I never met a toilet I couldn’t plunge! And that is a good thing. Having three boys at home and a spouse that spent 200+ days a year on the road with his Air Force gig, this was a basic survival skill. You know what I’m talking about. Military life makes you grow up fast. You learn to depend on your quick wit and creativity. You flexibly roll with the punches. You develop resiliency.
Resilience refers to a person’s ability to adapt and bounce back when things in life don’t go as planned. Many people believe resiliency is an innate quality – either you have it or you don’t. Others believe that resiliency can be developed and cultivated. I agree with the latter.
Peter Economy (a.k.a. The Leadership Guy) lists these eight habits of exceptionally resilient people:
Get the support you need. Who do you turn to when times get tough? Friends and family are great resources, but remember your local Military Spouse Advocacy Network (MSAN) Advocate, too! He or she is there to help you navigate this thing called military life.
Realize it’s just part of life. No matter how hard we plan, stuff happens. Being resilient doesn’t mean you don’t get upset. It just means that you can put the problem in perspective and move on.
Make healthy choices. A resilient person makes time for self-care. You have to take care of yourself in order to take care of others. Make this your mantra!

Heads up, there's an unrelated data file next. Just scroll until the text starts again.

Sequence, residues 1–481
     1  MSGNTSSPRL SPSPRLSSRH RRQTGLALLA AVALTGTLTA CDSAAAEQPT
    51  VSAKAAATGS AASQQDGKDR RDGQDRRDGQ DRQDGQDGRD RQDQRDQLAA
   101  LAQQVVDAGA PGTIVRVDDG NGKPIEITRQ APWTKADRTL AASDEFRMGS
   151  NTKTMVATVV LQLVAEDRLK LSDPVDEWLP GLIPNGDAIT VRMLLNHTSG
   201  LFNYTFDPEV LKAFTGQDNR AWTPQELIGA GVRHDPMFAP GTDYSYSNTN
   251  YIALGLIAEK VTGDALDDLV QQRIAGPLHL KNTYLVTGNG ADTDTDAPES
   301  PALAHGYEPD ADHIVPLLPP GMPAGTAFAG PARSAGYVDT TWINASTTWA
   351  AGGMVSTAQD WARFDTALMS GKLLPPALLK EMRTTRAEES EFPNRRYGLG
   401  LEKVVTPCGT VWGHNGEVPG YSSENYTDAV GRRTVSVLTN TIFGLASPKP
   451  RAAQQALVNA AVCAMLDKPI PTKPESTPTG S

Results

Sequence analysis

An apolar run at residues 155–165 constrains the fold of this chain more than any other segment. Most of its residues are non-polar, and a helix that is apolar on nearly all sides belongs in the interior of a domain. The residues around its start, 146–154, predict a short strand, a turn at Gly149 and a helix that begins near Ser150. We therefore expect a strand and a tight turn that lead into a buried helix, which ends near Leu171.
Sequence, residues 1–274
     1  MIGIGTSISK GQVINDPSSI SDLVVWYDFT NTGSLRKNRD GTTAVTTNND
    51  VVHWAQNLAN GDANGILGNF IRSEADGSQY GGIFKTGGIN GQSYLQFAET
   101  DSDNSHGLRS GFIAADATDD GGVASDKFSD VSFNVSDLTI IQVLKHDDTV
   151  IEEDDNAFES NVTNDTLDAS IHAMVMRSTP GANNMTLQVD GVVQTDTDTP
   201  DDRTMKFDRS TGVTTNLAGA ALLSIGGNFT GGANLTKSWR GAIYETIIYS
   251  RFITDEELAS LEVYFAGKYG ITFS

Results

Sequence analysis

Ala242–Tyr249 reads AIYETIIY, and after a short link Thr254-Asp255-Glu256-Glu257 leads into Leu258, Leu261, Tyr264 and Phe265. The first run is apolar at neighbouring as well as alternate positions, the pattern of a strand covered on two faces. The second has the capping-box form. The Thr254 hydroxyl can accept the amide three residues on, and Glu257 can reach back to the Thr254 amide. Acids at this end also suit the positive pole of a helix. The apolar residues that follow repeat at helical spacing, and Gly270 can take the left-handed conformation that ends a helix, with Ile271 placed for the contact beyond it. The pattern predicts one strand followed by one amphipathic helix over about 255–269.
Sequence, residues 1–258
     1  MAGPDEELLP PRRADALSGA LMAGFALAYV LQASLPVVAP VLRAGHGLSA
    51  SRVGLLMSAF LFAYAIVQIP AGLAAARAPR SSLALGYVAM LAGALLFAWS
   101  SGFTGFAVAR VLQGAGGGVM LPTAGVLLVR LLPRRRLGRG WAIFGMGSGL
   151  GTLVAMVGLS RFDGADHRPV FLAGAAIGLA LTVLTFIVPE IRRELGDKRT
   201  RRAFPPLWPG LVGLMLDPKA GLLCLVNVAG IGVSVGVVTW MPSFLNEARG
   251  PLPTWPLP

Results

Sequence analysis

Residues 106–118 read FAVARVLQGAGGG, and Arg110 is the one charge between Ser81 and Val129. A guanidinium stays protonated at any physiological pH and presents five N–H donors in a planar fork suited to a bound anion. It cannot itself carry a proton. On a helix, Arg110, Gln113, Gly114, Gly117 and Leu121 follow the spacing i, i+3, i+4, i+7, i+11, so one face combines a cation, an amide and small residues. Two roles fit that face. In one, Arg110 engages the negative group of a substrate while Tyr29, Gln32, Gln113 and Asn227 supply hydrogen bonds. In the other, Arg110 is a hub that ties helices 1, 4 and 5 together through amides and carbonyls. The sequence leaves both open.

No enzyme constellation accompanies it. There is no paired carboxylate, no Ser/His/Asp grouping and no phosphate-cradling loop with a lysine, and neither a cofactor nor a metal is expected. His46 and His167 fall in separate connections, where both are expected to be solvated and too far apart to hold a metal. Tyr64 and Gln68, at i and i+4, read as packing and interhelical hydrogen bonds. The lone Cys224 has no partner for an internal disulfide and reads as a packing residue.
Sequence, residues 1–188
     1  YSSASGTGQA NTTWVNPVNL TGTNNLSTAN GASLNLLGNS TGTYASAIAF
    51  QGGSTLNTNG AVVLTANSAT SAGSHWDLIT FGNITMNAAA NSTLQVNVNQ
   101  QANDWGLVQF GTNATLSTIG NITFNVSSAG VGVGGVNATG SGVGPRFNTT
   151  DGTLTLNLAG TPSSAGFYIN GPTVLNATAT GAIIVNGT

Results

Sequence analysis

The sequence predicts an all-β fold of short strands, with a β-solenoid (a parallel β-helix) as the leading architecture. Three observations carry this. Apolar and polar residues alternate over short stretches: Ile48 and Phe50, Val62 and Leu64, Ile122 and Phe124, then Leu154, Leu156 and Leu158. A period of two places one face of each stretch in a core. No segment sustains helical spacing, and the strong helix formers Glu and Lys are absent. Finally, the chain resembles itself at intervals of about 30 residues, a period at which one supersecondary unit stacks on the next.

Remember to laugh. There is indeed humor in everything…even an overflowing toilet! You can lighten everyone’s load with laughter.
Be nice to others. Having an attitude of gratitude and a positive outlook can go a long way in helping you see past the problem of the moment.
Look at the bright side. Resilient people look for the proverbial “silver lining” when faced with obstacles. Be a realistic optimist – choose to see the positive but be realistic with your expectations.
Don’t make the same mistakes again. Everyone on the planet makes mistakes. Rather than feeling mortified that you are human, look at mistakes as opportunities to learn and grow. Challenge your thinking, learn new pathways, and approach new situations differently. Ask for help if you need it.
Get the ball rolling. A resilient person faces a problem head on and looks for solutions. He or she develops a plan and acts upon it. Resilient people don’t see themselves as victims but rather as doers.
My husband Ken has a favorite saying, “Leave it better than you found it.” Every habit Peter lists above can be purposely cultivated. MSAN recognizes this. Programs like our New Military Spouse Support Program will help young spouses better understand the challenges of military life and provide concrete tools to help them develop resiliency. MSAN Mentors can offer support for all spouses just trying to figure out this crazy military life.
I love the resiliency of military spouses. Practice these eight habits and pick up your plungers…you’ve got this!